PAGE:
here to continue reading this article
and 5 more for free or purchase
12 months full website access including
the bne Magazine for just $250/year.
Register to read the bne monthly magazine for
Password could contain only
and have 8-20 symbols length.
Please complete your registration by confirming your
A confirmation email has been sent to the email
address you provided.
can't be empty.
No user with
this email address.
Access recovery request has expired, or you are using
the wrong recovery token. Please, try again.
Access recover request has expired.
Please, try again.
To continue viewing our content you need to complete
the registration process.
Please look for an email that was sent to
with the subject line
"Confirmation bne IntelliNews access". This email will have
instructions on how to complete registration
process. Please check in your "Junk" folder in
case this communication was misdirected in your
If you have any questions please contact us at email@example.com
Sorry, but you have used all your free articles fro
this month for bne IntelliNews. Subscribe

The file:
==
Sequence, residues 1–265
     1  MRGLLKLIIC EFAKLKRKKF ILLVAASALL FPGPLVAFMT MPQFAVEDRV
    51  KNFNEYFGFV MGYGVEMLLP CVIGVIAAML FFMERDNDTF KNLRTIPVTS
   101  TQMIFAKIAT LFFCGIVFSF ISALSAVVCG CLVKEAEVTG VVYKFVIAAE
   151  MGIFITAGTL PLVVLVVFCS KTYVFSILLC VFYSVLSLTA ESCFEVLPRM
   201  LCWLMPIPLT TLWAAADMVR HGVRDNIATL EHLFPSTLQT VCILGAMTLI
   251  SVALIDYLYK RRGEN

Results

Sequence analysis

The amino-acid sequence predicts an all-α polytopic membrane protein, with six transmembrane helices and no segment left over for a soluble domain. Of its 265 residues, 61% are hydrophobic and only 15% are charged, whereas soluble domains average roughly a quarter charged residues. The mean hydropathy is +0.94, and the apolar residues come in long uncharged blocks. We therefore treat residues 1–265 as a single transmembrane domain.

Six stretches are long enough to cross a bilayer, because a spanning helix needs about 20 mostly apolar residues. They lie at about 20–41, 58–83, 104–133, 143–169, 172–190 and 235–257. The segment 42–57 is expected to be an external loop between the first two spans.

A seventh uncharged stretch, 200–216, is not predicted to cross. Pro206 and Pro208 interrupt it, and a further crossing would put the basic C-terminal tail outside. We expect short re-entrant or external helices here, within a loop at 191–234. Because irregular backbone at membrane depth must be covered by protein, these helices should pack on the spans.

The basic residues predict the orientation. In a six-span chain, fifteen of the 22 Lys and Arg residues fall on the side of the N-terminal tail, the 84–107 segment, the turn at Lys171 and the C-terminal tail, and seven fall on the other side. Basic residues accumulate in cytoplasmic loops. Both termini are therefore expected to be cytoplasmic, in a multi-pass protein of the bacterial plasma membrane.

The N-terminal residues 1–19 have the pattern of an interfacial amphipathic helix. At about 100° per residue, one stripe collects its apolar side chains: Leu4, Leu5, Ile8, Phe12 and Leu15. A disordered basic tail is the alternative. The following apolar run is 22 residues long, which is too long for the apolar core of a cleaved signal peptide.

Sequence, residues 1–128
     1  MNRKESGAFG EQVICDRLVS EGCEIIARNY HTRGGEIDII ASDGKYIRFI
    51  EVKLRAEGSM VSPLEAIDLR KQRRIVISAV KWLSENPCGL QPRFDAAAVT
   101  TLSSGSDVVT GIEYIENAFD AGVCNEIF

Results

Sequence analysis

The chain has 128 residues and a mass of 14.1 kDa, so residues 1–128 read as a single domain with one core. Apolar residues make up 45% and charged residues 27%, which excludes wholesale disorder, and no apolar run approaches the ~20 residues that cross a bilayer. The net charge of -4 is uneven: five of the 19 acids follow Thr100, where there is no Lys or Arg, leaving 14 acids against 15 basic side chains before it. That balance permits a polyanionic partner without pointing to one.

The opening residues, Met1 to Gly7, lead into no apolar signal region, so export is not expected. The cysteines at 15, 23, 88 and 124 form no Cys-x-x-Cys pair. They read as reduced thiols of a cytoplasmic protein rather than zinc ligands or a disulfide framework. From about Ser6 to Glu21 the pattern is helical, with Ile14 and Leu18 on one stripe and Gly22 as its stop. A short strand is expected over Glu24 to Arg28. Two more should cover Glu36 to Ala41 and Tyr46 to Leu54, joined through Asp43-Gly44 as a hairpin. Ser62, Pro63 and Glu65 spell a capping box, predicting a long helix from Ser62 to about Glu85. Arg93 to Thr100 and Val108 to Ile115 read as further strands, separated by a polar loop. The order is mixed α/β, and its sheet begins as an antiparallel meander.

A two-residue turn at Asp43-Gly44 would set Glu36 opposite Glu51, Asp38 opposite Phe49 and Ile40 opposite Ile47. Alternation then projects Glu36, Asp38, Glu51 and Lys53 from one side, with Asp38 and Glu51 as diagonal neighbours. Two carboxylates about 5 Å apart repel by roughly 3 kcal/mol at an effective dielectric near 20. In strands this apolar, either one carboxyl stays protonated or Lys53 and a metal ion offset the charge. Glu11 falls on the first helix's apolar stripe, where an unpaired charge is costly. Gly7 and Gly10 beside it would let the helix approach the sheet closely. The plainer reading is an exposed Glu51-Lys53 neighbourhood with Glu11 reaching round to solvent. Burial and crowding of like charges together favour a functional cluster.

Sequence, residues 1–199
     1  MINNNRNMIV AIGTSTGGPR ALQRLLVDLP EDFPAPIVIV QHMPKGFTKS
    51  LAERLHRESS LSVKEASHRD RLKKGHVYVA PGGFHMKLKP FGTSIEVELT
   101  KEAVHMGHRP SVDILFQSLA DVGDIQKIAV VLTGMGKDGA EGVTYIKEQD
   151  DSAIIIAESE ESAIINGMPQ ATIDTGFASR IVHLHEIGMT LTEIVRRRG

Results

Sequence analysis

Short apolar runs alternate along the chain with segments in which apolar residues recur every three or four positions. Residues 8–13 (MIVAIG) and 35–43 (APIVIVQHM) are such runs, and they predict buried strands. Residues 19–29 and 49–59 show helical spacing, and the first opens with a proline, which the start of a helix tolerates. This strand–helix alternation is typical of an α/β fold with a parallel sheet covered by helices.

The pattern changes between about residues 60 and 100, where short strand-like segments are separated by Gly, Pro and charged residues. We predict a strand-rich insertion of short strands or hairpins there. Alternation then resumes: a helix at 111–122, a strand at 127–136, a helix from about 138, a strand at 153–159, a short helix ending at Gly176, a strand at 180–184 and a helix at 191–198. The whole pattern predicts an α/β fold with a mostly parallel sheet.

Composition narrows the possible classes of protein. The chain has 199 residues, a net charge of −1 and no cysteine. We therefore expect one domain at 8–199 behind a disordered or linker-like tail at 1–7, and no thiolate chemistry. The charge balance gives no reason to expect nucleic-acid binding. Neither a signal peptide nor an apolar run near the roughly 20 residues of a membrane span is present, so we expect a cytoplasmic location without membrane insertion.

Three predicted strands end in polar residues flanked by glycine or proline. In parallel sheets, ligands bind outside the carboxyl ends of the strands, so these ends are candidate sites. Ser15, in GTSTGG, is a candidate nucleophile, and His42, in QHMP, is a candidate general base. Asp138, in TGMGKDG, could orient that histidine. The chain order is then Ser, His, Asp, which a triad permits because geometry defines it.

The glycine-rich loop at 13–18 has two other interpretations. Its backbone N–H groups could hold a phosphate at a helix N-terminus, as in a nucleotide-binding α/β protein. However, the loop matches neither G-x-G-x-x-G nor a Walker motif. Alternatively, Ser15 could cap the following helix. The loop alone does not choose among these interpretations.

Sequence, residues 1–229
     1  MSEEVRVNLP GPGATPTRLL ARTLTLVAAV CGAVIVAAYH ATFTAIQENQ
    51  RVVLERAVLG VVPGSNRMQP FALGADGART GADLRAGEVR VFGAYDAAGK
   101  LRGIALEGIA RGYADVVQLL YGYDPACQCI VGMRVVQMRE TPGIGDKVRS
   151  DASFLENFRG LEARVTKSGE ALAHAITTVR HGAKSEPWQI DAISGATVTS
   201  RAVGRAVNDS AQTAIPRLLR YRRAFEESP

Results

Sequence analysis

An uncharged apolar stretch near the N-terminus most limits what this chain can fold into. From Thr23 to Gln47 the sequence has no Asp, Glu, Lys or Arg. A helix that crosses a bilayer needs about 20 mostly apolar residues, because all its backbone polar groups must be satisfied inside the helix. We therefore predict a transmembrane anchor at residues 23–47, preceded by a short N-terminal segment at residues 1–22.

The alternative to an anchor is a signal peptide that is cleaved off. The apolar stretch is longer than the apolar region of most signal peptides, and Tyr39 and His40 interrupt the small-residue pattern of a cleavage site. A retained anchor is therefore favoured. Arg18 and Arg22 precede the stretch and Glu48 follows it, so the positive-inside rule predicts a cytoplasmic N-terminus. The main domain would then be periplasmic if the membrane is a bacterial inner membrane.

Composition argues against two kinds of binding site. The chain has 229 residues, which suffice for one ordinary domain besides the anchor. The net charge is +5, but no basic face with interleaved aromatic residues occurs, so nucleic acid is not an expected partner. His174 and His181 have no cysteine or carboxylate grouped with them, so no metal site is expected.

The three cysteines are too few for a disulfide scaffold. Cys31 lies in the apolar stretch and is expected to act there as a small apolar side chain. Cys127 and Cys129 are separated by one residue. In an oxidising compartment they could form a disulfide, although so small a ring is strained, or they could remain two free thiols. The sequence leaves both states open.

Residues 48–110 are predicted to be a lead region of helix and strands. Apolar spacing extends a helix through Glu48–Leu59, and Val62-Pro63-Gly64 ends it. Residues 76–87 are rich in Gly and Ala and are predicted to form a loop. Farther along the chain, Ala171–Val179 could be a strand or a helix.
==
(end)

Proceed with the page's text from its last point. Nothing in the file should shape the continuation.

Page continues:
to continue reading for only $119 per year.
Your subscription includes:
For the meantime we are also offering a free
digital weekly newspaper to subscribers to
the online package.
Click here for more subscription options,
including to the print version of our
flagship monthly magazine:
Take a trial to our premium daily news
service aimed at professional investors that
covers the 30 countries of emerging
For any other enquiries about our
products or corporate discounts please
contact us at
If you no longer wish to receive
Magazine annual print
Website & Archive
Combined package: web
access & magazine print
Take a trial to our premium daily news service
aimed at professional investors that
covers the 30 countries of emerging Europe: